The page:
When I was growing up, the green beans on my plate were a mushy, washed out, tasteless vegetable that came from a can. I didn’t know they came any other way until that summer trip we took to my grandparent’s farm in Arkansas. That’s when I learned to snap beans. Yep, they actually had a snap to them and were a far cry from anything I’d tasted before. As was every other vegetable we ate on that trip.
We traveled across country from California in the back of a camper. Five kids crammed into that jostling, bouncing cabin. We stopped along the way to see some of the sites, but we passed the rest of the time by staring out the bug-splattered window, counting cows and VW buses. Or we lay about reading stacks of comic books: Bugs Bunny and Woody Woodpecker, Archie and Beetle Bailey, Superman and the Green Hornet. We played Fish and Crazy 8’s and listened to our transistor radios. Yes, I’m aging myself here. =)
And then we arrived at a real honest-to-goodness farm – with cows and pigs and chickens and corn! My grandparents grew most of their own food. Canned it too. And it was great fun for us kids to be able to dig up the potatoes for dinner or collect fresh eggs for breakfast. And when it came time to make fresh beans for dinner (which is what I learned they called lunch), we sat on the porch swing, a bowl of freshly picked beans beside us, and another on our laps to hold the snapped ones. Pop. Pop. First each end came off, then pop, pop, pop, we snapped them into three more pieces. My grandmother was old, but her fingers were nimble. She seemed to be able to snap several of them at a time while I was still working on the same one. I’m sure she would have had them finished a lot faster without my assistance, but I’m glad she let me help her.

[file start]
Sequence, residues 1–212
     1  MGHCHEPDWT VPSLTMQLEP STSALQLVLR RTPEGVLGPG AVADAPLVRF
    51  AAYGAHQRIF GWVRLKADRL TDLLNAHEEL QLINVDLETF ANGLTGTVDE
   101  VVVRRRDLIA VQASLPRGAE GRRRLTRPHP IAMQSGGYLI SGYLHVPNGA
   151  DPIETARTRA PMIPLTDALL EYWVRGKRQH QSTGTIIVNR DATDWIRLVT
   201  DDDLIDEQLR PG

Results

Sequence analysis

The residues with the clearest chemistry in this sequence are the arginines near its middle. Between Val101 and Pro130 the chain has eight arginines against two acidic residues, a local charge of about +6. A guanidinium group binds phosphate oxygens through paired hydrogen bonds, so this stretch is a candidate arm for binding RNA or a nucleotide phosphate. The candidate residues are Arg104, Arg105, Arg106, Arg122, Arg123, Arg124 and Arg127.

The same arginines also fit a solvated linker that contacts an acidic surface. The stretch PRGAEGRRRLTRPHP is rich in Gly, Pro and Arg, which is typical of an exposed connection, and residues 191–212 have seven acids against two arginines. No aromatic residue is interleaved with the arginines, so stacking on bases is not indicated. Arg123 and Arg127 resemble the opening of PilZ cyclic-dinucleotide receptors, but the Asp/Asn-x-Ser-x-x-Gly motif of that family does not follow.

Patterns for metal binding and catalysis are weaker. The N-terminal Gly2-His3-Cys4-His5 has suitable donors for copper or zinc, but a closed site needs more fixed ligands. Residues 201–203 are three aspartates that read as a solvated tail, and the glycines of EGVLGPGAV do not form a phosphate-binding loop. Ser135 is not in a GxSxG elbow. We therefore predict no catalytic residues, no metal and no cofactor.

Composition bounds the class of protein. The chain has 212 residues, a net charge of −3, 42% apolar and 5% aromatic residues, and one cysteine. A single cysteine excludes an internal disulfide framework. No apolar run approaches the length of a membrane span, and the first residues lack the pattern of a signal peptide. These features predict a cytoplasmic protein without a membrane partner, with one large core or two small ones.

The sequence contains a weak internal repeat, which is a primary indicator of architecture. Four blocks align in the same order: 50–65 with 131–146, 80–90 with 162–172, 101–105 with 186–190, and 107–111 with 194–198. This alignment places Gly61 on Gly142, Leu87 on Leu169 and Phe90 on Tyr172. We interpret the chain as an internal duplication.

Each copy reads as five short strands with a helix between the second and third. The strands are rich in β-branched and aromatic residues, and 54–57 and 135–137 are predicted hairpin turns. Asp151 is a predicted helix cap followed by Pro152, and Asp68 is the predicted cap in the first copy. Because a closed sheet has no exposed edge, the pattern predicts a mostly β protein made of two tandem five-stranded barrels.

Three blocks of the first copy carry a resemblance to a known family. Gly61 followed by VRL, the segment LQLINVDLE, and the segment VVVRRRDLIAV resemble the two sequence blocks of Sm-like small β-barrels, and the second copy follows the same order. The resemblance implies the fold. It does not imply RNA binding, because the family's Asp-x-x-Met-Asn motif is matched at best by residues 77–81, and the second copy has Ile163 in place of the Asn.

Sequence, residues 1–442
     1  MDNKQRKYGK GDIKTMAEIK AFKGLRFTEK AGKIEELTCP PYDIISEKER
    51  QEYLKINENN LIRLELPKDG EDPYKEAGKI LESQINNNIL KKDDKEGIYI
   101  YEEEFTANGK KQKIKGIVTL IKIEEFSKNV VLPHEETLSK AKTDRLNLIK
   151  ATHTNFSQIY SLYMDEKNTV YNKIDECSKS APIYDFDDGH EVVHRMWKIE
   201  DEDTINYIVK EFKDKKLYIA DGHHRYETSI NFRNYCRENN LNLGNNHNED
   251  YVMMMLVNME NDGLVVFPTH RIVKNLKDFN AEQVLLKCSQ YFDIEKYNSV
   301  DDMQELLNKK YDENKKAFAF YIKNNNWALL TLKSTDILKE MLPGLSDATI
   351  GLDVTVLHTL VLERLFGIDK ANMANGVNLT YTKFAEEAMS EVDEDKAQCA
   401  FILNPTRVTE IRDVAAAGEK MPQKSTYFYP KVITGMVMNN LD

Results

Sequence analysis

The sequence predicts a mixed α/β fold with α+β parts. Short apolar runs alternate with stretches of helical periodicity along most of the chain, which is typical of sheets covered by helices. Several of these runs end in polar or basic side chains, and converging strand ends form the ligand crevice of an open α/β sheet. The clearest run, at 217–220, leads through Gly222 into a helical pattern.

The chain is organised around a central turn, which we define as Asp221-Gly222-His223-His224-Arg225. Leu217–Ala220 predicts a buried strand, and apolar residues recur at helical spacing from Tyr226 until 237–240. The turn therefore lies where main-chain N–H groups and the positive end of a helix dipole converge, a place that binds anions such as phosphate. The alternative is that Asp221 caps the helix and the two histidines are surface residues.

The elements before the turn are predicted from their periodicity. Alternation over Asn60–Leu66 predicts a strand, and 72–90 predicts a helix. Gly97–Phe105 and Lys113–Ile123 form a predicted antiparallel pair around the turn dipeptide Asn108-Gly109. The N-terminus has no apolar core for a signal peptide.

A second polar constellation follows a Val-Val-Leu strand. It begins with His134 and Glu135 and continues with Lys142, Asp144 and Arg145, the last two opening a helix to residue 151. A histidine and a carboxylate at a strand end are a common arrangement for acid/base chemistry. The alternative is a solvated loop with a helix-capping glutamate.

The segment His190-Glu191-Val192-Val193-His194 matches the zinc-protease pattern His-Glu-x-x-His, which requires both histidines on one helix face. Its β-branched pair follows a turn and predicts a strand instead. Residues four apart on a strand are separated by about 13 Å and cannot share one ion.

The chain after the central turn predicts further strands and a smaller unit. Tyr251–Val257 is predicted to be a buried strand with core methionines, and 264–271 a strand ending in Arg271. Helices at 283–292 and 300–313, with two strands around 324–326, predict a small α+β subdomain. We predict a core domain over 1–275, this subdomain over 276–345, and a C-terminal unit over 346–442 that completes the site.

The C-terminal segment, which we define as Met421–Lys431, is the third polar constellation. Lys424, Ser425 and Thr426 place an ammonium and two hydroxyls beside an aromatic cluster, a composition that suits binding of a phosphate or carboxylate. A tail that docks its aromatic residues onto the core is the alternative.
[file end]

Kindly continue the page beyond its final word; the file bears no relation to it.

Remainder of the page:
I still think of her when I’m snapping fresh beans. My kids have never had the ones in a can. They only know what the fresh ones taste like.
So here is, what has become our family’s holiday beans. (Though I do make them year-round.) We don’t eat the ones cooked in mushroom soup as there’s wheat in most of those.
Tomato Basil Green Beans
- fresh green beans - 2 lbs.
- extra virgin olive oil - 1 Tablespoon
- minced garlic (as you like) - 1 1/2 – 2 Tablespoons
- chopped onion - 1 ½ cups
- ground pepper (more to taste, if you like...at the end) - ½ teaspoon
- sea salt (more to taste, if you like...at the end) - 1 teaspoon
- dried basil (crushed) - 1 teaspoon
- freshly chopped tomatoes or 2 (14-16 oz.) cans of chopped tomatoes (with the juice) - 4 cups
Set a large pot of water onto the stove to boil. Wash and snap the beans into even pieces. When the water is boiling, drop the beans into the water and cook for about 5 – 7 minutes. Then drain in a strainer.
Saute garlic and onions in the oil on a low to medium heat until they begin to change color. Add the chopped tomatoes (with their juice) and turn the heat low enough they just simmer. Add the green beans, salt, pepper, and basil and lightly cover. Allow them to cook all together for 50 - 55 minutes (until the beans are tender), stirring occasionally. If there's not enough liquid, add just a little water. When they're done, taste and add more salt or pepper if necessary (to your taste).
Serves approximately 6 (If you don't have kids eating it out of the skillet like mine do!)